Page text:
Types of Hardwood Flooring

You are not likely to make the wrong choice when thinking of wood flooring. Apart from featuring unmatched levels of natural beauty, all kinds of hardwood floors complement a variety of finishes including classic, modern and country. While kitchens and basements often warrant special considerations, you can install hardwood flooring in any room. To ensure you make an informed decision, below is a deeper look at the different types of hardwood floors currently available.

Finished or unfinished hardwood floors?
Because prefinished hardwood floors come from the factory after they have been sanded and sealed, the entire process of installation takes a little time. Apart from being ready to walk on immediately after installation, there are no odors and volatile organic compounds from finishing prefinished hardwood floors on-site.

Unfinished hardwood flooring makes an excellent option if you would like to match the color of your existing flooring or apply a custom stain before the final finish. After installing and staining hardwood floors, the surface is covered with several coats of protective finish. Unfinished flooring is also a good choice if you want to add wood flooring in your kitchen since the finish penetrates and seals the seams between boards, working to prevent water from seeping into the space between boards.

Engineered or solid wood floors?
Engineered wood flooring is actually a veneer of real wood glued to a few layers of wood underneath such as like plywood. This construction gives engineered wood an excellent level of stability over time, making it an ideal choice for any area of a home including below-grade basements. You can only sand and refinish engineered hardwood flooring either once or twice during its lifetime depending on the thickness of the wood veneer.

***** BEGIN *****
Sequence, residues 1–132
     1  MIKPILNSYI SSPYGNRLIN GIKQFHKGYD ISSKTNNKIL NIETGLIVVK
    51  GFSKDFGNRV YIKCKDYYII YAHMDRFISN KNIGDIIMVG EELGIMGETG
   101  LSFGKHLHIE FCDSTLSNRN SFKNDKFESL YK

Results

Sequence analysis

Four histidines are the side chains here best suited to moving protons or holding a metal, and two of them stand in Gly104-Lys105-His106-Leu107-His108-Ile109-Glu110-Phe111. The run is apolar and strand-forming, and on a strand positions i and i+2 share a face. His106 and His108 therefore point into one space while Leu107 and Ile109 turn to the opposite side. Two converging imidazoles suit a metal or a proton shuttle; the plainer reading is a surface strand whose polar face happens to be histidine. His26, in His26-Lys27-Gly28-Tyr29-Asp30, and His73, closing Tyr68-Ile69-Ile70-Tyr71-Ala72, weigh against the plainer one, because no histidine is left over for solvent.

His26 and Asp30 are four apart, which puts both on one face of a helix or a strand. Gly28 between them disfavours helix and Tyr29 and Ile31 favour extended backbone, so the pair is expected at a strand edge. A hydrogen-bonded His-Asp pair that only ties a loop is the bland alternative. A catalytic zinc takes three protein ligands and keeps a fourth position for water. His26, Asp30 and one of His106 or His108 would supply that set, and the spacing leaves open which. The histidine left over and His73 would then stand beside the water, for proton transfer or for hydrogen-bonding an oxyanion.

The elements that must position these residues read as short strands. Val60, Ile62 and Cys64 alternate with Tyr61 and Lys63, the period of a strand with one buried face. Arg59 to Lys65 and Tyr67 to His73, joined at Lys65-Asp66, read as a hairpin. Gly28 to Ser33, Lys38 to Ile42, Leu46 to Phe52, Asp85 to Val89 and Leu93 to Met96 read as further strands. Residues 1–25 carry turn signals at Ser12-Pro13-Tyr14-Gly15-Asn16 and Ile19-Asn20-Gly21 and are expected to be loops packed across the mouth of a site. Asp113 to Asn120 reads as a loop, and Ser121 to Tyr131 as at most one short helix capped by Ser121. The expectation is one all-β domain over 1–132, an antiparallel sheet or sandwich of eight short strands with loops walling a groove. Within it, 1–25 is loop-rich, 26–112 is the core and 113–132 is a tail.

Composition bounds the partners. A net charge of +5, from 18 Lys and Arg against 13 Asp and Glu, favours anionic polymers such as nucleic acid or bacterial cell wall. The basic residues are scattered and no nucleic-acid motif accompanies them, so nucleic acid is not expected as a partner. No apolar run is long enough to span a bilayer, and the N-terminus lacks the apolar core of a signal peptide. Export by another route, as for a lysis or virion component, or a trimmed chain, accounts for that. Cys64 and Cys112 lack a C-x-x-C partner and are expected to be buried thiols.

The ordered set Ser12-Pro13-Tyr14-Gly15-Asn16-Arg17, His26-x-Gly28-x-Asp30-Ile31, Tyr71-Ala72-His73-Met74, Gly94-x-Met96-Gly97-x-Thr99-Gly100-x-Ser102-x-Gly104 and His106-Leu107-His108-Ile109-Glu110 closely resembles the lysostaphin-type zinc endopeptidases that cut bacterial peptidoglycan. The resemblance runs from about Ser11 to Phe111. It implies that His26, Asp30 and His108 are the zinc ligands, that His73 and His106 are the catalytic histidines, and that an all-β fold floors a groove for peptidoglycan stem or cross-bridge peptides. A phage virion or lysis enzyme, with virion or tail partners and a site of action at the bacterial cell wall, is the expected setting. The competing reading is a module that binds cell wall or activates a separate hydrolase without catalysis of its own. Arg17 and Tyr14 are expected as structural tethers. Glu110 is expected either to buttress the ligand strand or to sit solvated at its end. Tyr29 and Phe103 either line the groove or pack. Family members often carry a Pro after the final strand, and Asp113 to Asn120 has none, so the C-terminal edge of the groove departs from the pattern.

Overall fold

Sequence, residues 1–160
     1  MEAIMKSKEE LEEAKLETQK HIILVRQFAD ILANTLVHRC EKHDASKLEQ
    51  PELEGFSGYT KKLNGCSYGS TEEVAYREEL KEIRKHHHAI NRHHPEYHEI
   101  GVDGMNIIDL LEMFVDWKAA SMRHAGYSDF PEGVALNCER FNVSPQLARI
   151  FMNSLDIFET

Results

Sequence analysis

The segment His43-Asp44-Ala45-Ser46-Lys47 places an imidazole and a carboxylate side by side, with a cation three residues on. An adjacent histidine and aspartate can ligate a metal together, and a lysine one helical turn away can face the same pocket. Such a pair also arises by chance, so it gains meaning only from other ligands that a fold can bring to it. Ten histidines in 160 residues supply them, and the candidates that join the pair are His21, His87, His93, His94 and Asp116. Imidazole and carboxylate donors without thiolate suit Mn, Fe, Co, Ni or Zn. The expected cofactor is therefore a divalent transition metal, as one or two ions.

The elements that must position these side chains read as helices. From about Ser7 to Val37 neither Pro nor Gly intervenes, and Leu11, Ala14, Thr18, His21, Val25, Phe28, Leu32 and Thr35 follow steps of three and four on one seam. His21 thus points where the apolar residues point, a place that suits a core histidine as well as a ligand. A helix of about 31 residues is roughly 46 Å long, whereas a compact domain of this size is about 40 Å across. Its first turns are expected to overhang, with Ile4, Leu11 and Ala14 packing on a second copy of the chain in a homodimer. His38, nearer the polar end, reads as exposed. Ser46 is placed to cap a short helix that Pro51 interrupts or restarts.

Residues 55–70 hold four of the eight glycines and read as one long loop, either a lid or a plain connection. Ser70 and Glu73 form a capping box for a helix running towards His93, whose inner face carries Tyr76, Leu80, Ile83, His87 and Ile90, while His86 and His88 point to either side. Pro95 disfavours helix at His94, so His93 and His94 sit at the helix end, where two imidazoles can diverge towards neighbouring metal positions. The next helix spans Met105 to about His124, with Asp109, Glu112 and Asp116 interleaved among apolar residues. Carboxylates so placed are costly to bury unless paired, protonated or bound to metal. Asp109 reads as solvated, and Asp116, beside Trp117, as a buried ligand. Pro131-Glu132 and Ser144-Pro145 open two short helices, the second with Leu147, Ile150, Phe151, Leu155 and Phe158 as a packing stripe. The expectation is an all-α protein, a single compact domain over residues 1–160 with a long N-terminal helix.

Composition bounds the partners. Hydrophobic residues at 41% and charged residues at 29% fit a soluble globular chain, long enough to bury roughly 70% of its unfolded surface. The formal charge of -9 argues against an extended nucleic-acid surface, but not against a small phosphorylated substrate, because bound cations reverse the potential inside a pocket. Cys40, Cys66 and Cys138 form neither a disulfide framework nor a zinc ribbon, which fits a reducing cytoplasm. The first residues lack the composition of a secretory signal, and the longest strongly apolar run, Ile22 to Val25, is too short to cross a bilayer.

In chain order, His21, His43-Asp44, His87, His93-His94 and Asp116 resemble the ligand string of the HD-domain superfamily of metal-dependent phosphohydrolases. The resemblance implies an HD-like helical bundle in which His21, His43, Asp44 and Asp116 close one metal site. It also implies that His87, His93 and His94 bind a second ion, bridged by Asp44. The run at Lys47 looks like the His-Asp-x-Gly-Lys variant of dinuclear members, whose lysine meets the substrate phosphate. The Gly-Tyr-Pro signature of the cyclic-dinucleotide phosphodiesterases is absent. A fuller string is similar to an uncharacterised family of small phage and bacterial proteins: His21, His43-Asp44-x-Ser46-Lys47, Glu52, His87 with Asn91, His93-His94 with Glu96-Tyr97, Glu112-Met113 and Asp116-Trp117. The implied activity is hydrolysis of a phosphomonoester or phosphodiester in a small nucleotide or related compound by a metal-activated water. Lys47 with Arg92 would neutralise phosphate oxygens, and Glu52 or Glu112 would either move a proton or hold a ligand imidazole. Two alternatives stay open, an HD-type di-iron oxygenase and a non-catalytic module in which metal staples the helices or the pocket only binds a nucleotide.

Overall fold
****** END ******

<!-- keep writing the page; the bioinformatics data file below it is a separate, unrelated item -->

Solid wood flooring is all wood and available in two options, 5/8 and 3/4 inches in thickness. Being solid wood, you can sand and refinish this type of floor over and over. Unfortunately, solid wood flooring is susceptible to changes in humidity. As such, this option is not recommended for below-grade basements.

What hardwood species is best?
Readily available and very hard species of wood such as oak, maple, and cherry make the best hardwood floors. Walnut, ash, mahogany and bamboo are some of the other wood species that make good floors. While you will most likely pay a premium price for the more exotic species such as Jarrah, mesquite, and teak, checking to ensure the type you opt for comes from sustainably harvested forests is important.

Reclaimed hardwood flooring is another option, and you can find this kind at salvage yards. Although reclaimed wood usually has signs of wear and age, you will most likely pay about half the price a new floor would cost. As such, reclaimed hardwood floor is an excellent choice if you are renovating an older house. If you would like to learn more, visit Fuse Flooring for additional resources.

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